Mistakes have certainly made him the man he is today. He was never a bad kid, he says, but his start in life was not easy. Growing up with not a lot of money, he was raised on a London council estate by his great-grandmother Edie and grandmother Pat, after his teenage parents split and left him in their care. He suffered from anxiety from an early age, something he puts down partly to societal pressures, and partly, perhaps, to the lack of a nutritious diet. It’s one of the reasons why he is so furious about the recent government vote against free meals for the most vulnerable children during school holidays. ‘I’m right behind Marcus Rashford,’ he says. ‘My family was a stressful household. I wasn’t fed the best diet growing up because my nan was spending a hell of a lot of time working for very little, and it’s much cheaper to eat processed foods.

‘The reason we have to produce things like Aguulp is to try to undo a lot of the damage done throughout childhood. If kids aren’t eating well, there is a knock-on effect on their gut health and mental health, as well as the worry of not being able to eat in the first place. We know the NHS is under stress, but a lot of that could be remedied if people weren’t so malnourished. These problems are societal. We’d love to work out how to get vitamin D and B to every child in this country. We intend to talk to the health minister and companies who could help facilitate it. Our plans behind the scenes are vast.’

Stephen’s experiences with anxiety and depression from such a young age, along with his desire to create change, are the reason Princes William and Harry contacted him about working with them for Heads Together. One of his favourite moments was being able to go into a London school to give a talk with Prince William. ‘You would never put the two of us together,’ he laughs. ‘I used to sell weed for a living! It wasn’t much of a living, but it’s what I used to do and I very much turned my life around. I’ve never encouraged anyone to go down that path – far from it. That’s why I go into schools, prisons, everywhere I can to help people make better choices and to ask for the help that’s out there.’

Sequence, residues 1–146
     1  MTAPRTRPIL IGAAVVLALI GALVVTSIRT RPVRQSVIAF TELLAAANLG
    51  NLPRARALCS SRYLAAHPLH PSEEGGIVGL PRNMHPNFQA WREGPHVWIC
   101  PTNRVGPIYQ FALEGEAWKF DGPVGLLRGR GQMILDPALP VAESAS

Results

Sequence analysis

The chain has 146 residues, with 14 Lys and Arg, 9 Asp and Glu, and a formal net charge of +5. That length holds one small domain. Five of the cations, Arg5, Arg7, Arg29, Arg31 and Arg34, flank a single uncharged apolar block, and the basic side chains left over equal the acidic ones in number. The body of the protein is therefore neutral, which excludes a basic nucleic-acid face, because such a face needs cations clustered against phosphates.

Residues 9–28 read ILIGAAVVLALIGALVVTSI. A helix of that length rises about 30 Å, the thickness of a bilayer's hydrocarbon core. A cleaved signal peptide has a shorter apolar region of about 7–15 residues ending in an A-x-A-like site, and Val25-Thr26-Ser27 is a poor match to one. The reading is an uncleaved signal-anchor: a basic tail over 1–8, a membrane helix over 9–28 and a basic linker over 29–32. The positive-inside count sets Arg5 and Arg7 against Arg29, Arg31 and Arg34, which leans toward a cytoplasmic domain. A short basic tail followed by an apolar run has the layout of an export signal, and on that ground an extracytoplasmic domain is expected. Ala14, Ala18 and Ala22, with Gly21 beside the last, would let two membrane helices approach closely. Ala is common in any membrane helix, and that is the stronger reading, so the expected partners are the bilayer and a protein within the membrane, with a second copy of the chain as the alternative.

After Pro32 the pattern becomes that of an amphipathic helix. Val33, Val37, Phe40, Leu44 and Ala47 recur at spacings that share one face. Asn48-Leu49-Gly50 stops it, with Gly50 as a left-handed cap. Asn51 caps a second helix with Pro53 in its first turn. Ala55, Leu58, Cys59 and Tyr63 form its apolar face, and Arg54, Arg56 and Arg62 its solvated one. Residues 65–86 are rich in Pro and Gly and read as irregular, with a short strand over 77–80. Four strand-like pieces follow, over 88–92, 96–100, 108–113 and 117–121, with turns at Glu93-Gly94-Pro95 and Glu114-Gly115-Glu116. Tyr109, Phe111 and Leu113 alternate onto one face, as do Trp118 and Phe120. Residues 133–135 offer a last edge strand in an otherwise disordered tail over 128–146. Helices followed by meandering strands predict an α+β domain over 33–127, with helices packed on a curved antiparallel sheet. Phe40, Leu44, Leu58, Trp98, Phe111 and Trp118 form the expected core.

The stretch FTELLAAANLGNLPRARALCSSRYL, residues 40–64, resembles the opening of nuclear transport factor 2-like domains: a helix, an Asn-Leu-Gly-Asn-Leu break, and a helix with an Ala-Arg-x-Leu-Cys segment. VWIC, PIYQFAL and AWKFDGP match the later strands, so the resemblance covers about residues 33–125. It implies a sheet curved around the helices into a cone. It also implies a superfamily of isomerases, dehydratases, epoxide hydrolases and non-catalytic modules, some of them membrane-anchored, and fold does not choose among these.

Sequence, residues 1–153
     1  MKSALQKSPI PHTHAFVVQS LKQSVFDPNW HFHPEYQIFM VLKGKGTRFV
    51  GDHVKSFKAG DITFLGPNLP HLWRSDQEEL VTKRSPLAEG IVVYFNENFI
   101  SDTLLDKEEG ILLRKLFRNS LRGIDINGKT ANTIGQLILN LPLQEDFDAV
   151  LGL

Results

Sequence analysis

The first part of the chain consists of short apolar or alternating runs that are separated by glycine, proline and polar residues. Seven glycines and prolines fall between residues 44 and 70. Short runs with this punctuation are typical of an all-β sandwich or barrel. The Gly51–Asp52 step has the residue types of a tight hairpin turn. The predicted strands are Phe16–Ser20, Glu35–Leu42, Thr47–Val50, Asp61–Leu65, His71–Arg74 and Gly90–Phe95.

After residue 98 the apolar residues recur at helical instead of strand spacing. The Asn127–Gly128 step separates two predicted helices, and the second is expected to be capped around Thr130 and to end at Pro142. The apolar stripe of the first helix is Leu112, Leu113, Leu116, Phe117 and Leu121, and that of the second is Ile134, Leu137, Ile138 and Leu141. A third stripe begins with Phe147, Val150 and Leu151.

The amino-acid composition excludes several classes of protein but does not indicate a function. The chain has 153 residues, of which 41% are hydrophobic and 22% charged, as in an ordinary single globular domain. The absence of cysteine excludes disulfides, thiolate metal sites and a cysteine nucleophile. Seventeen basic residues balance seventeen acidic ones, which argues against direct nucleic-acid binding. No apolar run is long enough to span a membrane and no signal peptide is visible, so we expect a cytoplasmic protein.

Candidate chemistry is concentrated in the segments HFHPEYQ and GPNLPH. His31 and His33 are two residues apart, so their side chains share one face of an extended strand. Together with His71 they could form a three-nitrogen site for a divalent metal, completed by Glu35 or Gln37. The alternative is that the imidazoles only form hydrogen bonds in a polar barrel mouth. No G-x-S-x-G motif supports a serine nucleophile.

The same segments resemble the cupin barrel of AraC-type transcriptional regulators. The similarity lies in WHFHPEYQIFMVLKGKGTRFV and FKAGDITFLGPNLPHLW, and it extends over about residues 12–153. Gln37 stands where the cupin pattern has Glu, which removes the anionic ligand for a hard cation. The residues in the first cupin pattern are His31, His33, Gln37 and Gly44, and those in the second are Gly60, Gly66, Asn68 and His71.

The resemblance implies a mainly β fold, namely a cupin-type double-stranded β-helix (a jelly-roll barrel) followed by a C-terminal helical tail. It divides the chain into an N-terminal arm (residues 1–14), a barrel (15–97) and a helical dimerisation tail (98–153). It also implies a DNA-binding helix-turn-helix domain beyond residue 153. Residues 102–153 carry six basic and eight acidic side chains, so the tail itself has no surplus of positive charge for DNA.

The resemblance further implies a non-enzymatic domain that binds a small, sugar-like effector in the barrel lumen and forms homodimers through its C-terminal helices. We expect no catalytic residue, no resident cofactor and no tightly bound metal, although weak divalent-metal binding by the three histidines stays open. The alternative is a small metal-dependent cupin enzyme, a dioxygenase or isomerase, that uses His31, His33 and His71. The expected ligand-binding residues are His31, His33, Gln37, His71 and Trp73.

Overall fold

Professor Green and Prince William
In 2018 Stephen and Prince William discussed mental health at a London school. Image: Rex/Shutterstock

Through working with Prince William, Stephen has been a guest at Buckingham Palace multiple times. ‘One time I was with [Vogue model and mental health advocate] Adwoa Aboah, who was part of the Heads Together campaign as well,’ he says. ‘We were the only ones in trainers and tracksuits, but we thought, we’re here because we engage with audiences that would usually switch off from these events. We were talking to Harry, and he said, “If my grandmother saw what you are wearing, she’d have a heart attack.” Good job she didn’t!’

Heads Together is not Stephen’s first time opening up about his emotions in such a public forum. He was 24 when his father killed himself in 2008, and in spite of a lifetime of on and off estrangement and fraught relations, it affected him hugely. The subsequent BBC documentary retelling their story, as well as investigating the wider male suicide epidemic, he says, still starts conversations with strangers five years on.

‘Every day that I’m out, someone says thank you for it,’ he says, acknowledging that initially he didn’t want the documentary to be about his personal experience, until the show’s producers convinced him it would be the best way to connect with people. I ask what was behind his reticence. ‘I had to deal with my own ego and macho and bravado. I had to realise that it’s OK to suffer somewhat visibly and to cry publicly if it can help someone else.

‘When the documentary came out, all the reactions that I was scared of were completely unfounded, because so many of my peers messaged me saying, “You’ve educated me so much”, and then they just started spilling their stories. I’m talking about people who have done a lot of time in jail, people who are renowned for how masculine they are, people you would never imagine admitting to having any mental health problems.’

On first glance, Stephen might not be the typical candidate to launch a food supplement brand, but the more I talk to him the more it makes perfect sense. A lifetime of stomach issues, mental health battles and a desire to start conversations and help people that runs deep – who would be better to lead the way? ‘And if it does fail,’ he says with a laugh, ‘I can just go and launch an alcohol brand like the rest of the rappers do – and at least everyone will understand that.’

The full Aguulp range for brain, gut and immunity can be found at